The Conspiracy

Circle Up

This summer, I’ve been lucky in my work: my interest in ancient history has led me to work at Archaeology Magazine and my love of family history resulted in an internship with the New York Genealogical and Biographical Society. Enter my Jewish heritage.

One of the projects NYG&BS interns work on in the summer is a personal genealogical inquiry, in which we investigate some aspect of our own family history through the resources NYC has to offer. We report back our findings after doing hands-on research. My topic is my father’s family, from Bensonhurst, Brooklyn. I’ve always known more about my mom’s family’s origins than my dad’s, but, to my surprise, the preliminary search has yielded results on a curious Jewish development: the family circle.

When my family came over from Russia in the first decade of the twentieth century, I’d imagine that it was hard to keep track of extended relatives, cousins, and great-uncles twice removed. To keep the Silver family connected, my great-grandparents participated in what was called a “family circle.” This group was a regular meeting of all the extended members of a certain family, usually in one individual’s home. It was a chance to catch up, plan to help any other relatives still in the Old Country come over to America, and discuss any “family business” (despite the Mafia-esque phrase, the family business was just that: individual family members’ businesses and jobs). The “family circle” was a common development amongst New York City Jews of the early twentieth century.

As I flipped through old family photos, one kept leaping out at me. In it, dozens of people, large and small, huddled together, their arms around each other. The back of the photo was inscribed, “Family Circle. 1954.” These people were my relatives, most of whom I had never known. Who knows where they or their children were now? They’d long since dispersed all over the country, leaving the nucleus of the family in Brooklyn behind to pursue their American Dream. They were all so close at one point, dependent on their blood relatives for survival in America, but the ties had loosened in the succeeding 56 years.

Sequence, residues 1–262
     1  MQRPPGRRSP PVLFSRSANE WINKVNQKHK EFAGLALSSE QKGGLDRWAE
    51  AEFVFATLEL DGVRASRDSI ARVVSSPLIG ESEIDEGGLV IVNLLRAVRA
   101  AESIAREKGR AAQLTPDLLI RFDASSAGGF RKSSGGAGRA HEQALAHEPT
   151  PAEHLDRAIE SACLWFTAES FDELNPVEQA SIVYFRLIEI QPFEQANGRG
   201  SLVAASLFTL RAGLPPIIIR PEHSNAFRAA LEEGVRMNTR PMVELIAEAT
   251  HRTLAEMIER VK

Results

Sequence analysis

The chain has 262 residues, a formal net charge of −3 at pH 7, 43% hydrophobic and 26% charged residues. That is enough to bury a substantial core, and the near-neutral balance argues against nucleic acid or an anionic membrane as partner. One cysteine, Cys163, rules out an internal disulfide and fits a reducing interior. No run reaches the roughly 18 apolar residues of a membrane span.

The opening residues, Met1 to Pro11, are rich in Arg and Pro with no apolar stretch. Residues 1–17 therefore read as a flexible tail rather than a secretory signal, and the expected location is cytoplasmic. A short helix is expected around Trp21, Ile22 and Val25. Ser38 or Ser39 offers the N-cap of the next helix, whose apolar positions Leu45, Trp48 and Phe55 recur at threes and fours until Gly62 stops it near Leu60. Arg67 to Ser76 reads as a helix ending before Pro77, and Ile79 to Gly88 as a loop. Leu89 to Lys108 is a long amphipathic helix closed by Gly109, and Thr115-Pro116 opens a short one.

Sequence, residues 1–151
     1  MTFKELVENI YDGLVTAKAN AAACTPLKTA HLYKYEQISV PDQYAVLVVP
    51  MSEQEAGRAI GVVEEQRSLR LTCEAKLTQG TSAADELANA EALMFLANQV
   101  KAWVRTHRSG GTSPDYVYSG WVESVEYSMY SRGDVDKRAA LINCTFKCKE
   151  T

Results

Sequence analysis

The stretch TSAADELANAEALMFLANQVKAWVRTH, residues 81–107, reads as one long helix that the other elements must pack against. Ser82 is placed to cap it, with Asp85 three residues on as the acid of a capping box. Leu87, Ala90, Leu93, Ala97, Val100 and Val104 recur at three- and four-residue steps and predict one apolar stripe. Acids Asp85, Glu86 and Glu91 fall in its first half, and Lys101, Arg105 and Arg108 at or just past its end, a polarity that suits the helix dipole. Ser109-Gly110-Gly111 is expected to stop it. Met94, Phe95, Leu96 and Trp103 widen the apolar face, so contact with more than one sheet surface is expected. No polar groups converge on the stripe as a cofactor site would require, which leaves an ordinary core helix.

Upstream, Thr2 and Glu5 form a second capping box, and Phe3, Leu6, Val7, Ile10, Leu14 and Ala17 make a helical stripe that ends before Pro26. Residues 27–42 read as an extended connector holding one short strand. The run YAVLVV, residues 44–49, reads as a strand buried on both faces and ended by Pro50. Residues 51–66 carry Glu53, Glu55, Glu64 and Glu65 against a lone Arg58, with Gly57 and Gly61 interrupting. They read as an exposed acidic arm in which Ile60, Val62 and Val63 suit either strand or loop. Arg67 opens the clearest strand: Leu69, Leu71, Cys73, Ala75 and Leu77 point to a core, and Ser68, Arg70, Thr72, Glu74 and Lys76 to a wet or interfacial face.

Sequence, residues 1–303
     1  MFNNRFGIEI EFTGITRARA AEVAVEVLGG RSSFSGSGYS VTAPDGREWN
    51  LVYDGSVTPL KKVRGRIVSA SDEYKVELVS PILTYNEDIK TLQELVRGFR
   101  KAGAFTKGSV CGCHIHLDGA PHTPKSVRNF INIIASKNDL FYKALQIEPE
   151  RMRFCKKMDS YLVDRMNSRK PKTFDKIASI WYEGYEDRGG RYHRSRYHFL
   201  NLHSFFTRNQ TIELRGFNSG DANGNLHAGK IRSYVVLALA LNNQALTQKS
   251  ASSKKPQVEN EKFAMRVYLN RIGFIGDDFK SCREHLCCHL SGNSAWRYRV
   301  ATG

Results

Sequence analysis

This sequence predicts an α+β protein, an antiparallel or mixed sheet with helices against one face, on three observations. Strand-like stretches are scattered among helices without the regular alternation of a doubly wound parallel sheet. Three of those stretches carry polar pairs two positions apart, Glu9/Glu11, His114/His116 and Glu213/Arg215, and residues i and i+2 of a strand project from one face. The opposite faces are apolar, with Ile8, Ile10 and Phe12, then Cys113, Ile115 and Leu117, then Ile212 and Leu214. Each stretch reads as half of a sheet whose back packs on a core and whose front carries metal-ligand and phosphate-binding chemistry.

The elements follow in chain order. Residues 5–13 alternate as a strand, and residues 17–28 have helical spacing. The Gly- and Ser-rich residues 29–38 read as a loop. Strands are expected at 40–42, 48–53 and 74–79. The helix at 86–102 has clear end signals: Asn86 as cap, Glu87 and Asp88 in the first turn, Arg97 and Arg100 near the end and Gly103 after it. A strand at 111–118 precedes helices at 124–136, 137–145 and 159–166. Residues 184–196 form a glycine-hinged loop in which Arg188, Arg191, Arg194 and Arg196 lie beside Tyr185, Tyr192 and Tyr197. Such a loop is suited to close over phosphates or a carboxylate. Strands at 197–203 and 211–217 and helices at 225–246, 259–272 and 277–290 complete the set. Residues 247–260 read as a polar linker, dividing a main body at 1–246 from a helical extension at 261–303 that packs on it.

What had changed in each person’s life? The obvious, to begin with: they moved away, got married, had children. But more than just that had altered: as each successive generation became more accustomed to American life, its members no longer needed that same structure. The first generation over spoke mostly Yiddish and needed that close group to adjust to America; the next generation, born Americans, did not. Did family mean less over time? I don’t think so: the meaning changed from a massive, extended group to a nuclear family. Closeness to one’s own family, nuclear or extended, has marked many of the relationships that I hold and that some of my friends of Jewish heritage hold.

Just like those successive generations of Jewish Americans, we all have drifted away from our original family and our original identity. When our ancestors, however long ago, came over, they probably identified with their mother country more than their new one, and rightfully so. Now, I’m an American only descended from Russian, Romanian, and Polish Jews, not a member of those communities in my own right. In my search to learn about my forefathers, I’ve uncovered a lot about the way they thought and lived. The closeness they shared may have been a result of their immigration, but the importance of family is something my family has passed down in successive generations. Perhaps the purpose of the family circle has not been that watered down, after all, just kept its original family values intact.

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